Look at the passage I quote above in regards to the Emperor Commodus (180-192 CE/AD), the first of a string of bad emperors whose cyclical rise and swift descent plagued the Roman Empire until 284. Rather than just dryly commenting on the atrocities committed by Commodus, as what a Historicist might have done a century later, Gibbon instead turns this recounting of this horrid emperor’s twelve-year reign into a masterfully-written narrative that gives the reader much more to consider than just whether or not Commodus deserved the epithets that he received both during his reign and after his assassination at the hands of a common wrestler. This is an erudite narrative, replete with numerous footnotes, but both the main narrative and the footnotes contain a wit about them that unfortunately still is rather uncommon in most histories today.
Gibbon does not follow a straight linear approach in this volume. Instead, he has broken his chapters (and later, his six volumes) into thematic groupings that allow him to explore better issues of character, leadership, social mores, and (later, but not in this volume for the most part) religion. An emperor such as Philip the Arab (reigned in the second half of the 240s) might be explored in terms of his character, temperament, and leadership skills in one chapter, while his religious policies might not be discussed until a succeeding volume, with a dozen more third century emperors being introduced in the interim. While this might be frustrating to some modern readers, for those willing to approach The Decline and Fall of the Roman Empire as a historical narrative that treats with themes more than with straightforward explorations of events, this study will make for an instructive and entertaining read.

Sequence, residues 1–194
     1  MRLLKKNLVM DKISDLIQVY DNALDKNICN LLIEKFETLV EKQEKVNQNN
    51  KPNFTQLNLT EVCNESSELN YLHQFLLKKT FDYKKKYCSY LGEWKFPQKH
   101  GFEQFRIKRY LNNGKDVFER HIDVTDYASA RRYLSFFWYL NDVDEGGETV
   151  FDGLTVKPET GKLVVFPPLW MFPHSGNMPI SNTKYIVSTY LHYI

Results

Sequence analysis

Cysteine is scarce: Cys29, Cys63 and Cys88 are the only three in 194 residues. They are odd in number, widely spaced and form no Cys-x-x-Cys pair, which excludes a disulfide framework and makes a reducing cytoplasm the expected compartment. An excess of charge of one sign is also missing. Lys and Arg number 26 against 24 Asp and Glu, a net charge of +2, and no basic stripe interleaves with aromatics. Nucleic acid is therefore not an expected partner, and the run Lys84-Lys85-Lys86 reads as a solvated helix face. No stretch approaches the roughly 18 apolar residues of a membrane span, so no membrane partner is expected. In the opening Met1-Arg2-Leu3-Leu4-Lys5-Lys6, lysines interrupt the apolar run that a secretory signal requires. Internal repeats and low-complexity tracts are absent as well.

Gibbon is far from a neutral observer, as the quoted passage reveals. He takes sides, provides interpretations (often in the form of asides on the mores of the subjects treated), and sometimes he relies upon unreliable sources. For those who are influenced strongly by the Rankean Historicist position on the use of sources and the desire to eliminate biases whenever possible, Gibbon’s work is fraught with errors in approach. While I am somewhat sympathetic with that attitude (my graduate adviser trained under descendants of Ranke’s original school and I imbibed some of those methodological approaches early on in my studies), I also believe that it would be a mistake to ignore Gibbon’s crowning graces just because he fails to follow historical approaches developed decades later.
Gibbon’s prose is beautiful to read. Frequently, I am finding myself, nearly one hundred pages into the second volume, reading slowly and then re-reading several passages, just so I can soak in the intricate beauties of his writing, as well as Gibbon’s sometimes sarcastic asides. For those readers who are not intimidated from reading the Latinisms that dominated 18th century English writing, Gibbon’s prose will offer so much to them that just is not found in later histories. There is a definite sense of historia found within this history and when this brilliantly-constructed story is mated with interpretative schema that largely survive the vicissitudes of the last two centuries, a truly classic read awaits those intrepid readers willing to read about the calamities of the third century CE/AD.